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from Bridgeport immediately to the rear and left of General Crittenden, General Gordon Granger, with the reserve corps, had reached a position a few miles south of Chrs. Soon after this, an order from General Rosecrans, which had reached General Granger by another route, directed the two brigades to fall back at once to RossviGeneral Baird's men, who were nearest to me on the right, I fell back with General Granger's troops, and remained in the vicinity of Rossville until the sounds of baWe might or might not also rely for assistance upon Steadman's division of General Granger's corps. Opposed to these was the old army of the Tennessee, which Braguish the red and blue, with the white crescent! It was the battle-flag of General Granger, and the troops we saw were two brigades, Mitchell's and Whitaker's, of Stdered help to the battle-scarred veterans who held the hill. As soon as General Granger had reported to General Thomas for duty, he was sent by the latter to brin
t the following report of the expedition to Weems's Springs, Tennessee. In compliance with your instructions from Headquarters, District of the Cumberland, I left camp at Nashville, Tennessee, with my company, F, First Missouri cavalry, Major-General G. Granger's escort, at daybreak on the morning of the eighteenth instant, and proceeded to Hillsboro, where I arrived at one o'clock P. M. Here, in accordance with your instructions, I was joined by company C, Fourteenth Michigan infantry, (mounte Too much praise cannot be bestowed on Captain Mackey, and the officers and men of his company, also to First Lieutenant William Davis, and men of my company, for their gallant behavior throughout the entire expedition, having travelled one hundred and five miles in less than twenty-four hours. I have the honor to be, Captain, Very respectfully, Your obedient servant, James Clifford, Captain Company F, First Missouri Cavalry, Major-General G. Granger's Escort, Commanding Expedition.
r ordering me to post General Wood in a strong, defensible position at Gordon's Mills, for him to resist stoutly the enemy's advance, and in case of extremity, if Granger's forces (a division of infantry) has not arrived at Chattanooga, so as to support Wood at Rossville, and he (Wood) should be compelled to fall back further, he mng the two days of battle: Major J. S. Fullerton, Captain J. Gordon Taylor, Captain William L. Avery, and Lieutenant T. G. Braham. Respectfully submitted, G. Granger, Major-General. Colonel Van Derveer's report. headquarters Third division, Fourteenth army corps, Chattanooga, Tenn., Sept. 25, 1863. Captain Lewis J.renewed efforts. From this time until dark we were hotly engaged. The ammunition failing, and no supply at hand, except a small quantity furnished by Major-General Gordon Granger, our men gathered their cartridges from the boxes of the dead, wounded, and prisoners, and finally fixed bayonets, determined to hold the position. He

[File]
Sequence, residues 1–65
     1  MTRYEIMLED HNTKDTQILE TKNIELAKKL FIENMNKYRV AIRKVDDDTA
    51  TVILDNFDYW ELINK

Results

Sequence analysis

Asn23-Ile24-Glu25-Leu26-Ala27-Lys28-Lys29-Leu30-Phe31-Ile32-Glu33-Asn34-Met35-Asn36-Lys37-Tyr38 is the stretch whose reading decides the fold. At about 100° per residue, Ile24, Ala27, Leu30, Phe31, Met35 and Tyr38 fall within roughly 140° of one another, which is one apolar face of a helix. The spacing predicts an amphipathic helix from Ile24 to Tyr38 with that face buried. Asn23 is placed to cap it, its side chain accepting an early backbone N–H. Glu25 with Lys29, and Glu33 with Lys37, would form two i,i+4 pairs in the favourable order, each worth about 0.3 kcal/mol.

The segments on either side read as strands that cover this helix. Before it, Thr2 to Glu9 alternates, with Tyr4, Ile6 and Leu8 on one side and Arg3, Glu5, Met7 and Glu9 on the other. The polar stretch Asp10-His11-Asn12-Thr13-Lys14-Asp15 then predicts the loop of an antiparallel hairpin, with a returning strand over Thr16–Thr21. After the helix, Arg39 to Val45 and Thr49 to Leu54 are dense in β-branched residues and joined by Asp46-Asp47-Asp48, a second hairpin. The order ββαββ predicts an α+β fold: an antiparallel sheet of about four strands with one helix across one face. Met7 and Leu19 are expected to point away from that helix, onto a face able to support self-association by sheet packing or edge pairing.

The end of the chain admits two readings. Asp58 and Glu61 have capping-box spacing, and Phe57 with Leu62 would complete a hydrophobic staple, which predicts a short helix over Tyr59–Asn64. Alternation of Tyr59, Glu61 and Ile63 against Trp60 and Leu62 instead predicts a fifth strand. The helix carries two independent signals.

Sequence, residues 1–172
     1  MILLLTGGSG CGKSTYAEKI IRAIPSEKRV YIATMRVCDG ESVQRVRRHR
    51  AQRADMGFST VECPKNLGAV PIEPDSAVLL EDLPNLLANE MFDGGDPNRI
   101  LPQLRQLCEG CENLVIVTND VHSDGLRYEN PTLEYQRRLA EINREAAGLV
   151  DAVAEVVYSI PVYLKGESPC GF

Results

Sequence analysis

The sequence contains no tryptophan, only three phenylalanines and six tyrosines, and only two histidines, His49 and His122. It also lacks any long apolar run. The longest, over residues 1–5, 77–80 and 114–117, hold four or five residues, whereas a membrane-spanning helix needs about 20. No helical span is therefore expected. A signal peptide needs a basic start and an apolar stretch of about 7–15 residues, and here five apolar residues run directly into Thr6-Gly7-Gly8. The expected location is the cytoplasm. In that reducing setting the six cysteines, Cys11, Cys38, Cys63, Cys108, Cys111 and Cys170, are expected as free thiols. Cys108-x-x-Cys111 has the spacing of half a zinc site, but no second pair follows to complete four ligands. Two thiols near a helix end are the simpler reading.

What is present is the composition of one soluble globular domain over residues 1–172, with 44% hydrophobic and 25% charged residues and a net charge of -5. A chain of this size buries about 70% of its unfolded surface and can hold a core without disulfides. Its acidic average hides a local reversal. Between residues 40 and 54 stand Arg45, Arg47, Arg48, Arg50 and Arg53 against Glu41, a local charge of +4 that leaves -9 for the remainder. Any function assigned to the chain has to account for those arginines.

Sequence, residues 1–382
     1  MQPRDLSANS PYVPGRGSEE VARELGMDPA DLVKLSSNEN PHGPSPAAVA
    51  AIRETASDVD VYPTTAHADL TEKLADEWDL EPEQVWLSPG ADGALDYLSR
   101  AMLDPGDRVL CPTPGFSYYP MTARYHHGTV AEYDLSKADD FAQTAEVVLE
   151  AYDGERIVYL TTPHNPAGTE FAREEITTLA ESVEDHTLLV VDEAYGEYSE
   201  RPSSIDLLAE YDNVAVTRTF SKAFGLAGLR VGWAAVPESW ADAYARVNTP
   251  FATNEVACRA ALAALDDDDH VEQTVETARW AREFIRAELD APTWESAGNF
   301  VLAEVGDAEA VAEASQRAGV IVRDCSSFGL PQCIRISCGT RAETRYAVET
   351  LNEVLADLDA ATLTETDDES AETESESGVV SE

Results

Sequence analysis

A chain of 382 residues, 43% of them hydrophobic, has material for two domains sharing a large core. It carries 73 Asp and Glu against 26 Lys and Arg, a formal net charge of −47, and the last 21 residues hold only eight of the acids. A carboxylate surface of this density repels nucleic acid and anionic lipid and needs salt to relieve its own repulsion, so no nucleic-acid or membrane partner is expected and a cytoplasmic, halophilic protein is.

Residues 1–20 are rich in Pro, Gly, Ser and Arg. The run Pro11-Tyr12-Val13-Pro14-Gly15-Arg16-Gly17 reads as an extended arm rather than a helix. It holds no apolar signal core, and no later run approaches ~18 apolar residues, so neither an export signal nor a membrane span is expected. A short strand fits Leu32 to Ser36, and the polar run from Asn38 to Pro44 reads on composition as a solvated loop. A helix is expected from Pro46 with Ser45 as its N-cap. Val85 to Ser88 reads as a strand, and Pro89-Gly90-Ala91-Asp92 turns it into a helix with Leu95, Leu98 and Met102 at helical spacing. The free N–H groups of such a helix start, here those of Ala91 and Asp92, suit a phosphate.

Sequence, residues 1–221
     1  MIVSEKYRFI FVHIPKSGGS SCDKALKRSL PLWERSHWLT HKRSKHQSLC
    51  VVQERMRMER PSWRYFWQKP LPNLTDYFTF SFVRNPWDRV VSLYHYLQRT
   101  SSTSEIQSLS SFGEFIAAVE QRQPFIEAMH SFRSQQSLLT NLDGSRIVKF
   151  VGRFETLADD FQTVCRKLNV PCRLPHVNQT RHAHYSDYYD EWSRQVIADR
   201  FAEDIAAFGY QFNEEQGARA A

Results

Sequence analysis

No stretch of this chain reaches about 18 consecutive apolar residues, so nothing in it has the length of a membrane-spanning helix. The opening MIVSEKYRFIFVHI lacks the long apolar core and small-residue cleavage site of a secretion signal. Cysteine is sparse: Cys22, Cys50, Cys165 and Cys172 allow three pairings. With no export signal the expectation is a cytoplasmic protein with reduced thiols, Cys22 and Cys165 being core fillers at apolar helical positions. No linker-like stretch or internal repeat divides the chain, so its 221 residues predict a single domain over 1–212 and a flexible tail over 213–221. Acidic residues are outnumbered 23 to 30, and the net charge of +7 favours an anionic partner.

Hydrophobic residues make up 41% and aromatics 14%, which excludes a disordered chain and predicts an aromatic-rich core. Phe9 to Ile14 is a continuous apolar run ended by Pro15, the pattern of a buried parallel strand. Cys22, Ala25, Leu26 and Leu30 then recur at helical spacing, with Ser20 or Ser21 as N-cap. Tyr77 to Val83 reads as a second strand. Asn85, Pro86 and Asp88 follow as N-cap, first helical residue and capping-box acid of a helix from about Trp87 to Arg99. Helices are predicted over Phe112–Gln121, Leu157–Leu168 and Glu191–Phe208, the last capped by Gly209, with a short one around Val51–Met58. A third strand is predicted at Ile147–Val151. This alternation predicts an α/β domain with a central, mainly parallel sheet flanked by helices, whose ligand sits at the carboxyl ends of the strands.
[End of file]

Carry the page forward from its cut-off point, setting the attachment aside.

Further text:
Chickamauga and in easy supporting distance. Now was presented once more a magnificent opportunity for the confederate General. There was no longer a doubt as to the position of the forces of the enemy. His whole army, with the exception of Granger, was before him. It was distributed from the head of McLemore's Cove, along and down the west side of the Chickamauga Valley, as far as Lee and Gordon's Mills, Chickamauga Creek separating it from the army of the confederates. A strong demonstrxamined the position of Cleburn, and finding he could hold it if he could not advance, moved Cheatham rapidly by the right flank to the extreme right to meet the reported movement of the enemy, which was ascertained to be one of the divisions of Granger's corps, approaching from Chattanooga, and was moving toward the centre, where Cleburn had made his attack. The whole line was then revised and posted, and a forward movement in all its length ordered. The right swung round with an extended
Robert Underwood Johnson, Clarence Clough Buell, Battles and Leaders of the Civil War: Volume 2., Iuka and Corinth. (search)
ld be of great use to us. Sheridan ought to be made a brigadier. He would not be a stampeding general. Halleck at once asked the President to promote him for gallant conduct in battle ; and soon afterward Generals Rosecrans, J. C. Sullivan, Gordon Granger, Elliott, and Asboth telegraphed to Halleck (then in Washington): The undersigned respectfully beg that you will obtain the promotion of Sheridan. He is worth his weight in gold. He was eventually promoted to the rank of brigadier-general, h and abandoning a large amount of supplies which added greatly to the happiness of the Confederates. Price learned as soon as he got into Iuka that though Rosecrans had sent three divisions of his army [E. A. Paine's, Jeff. C. Davis's, and Gordon Granger's] to Buell, he was himself still west of Iuka with two divisions. After some hesitation he felt that it was his duty not to go to Nashville, but to look after Rosecrans and what was left of his army; accordingly he telegraphed Van Dorn that
Robert Underwood Johnson, Clarence Clough Buell, Battles and Leaders of the Civil War. Volume 3., Manoeuvring Bragg out of Tennessee. (search)